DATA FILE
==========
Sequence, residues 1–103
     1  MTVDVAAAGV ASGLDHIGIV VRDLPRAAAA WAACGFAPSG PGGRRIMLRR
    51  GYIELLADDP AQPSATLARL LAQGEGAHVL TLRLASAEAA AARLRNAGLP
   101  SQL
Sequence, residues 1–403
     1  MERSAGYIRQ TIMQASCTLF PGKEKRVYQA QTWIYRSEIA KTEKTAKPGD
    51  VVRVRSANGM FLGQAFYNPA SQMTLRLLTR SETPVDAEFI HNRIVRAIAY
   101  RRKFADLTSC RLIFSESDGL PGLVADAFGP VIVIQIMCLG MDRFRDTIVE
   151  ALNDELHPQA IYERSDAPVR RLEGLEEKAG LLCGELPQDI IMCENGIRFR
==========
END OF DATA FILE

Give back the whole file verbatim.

Sequence, residues 1–103
     1  MTVDVAAAGV ASGLDHIGIV VRDLPRAAAA WAACGFAPSG PGGRRIMLRR
    51  GYIELLADDP AQPSATLARL LAQGEGAHVL TLRLASAEAA AARLRNAGLP
   101  SQL
Sequence, residues 1–403
     1  MERSAGYIRQ TIMQASCTLF PGKEKRVYQA QTWIYRSEIA KTEKTAKPGD
    51  VVRVRSANGM FLGQAFYNPA SQMTLRLLTR SETPVDAEFI HNRIVRAIAY
   101  RRKFADLTSC RLIFSESDGL PGLVADAFGP VIVIQIMCLG MDRFRDTIVE
   151  ALNDELHPQA IYERSDAPVR RLEGLEEKAG LLCGELPQDI IMCENGIRFR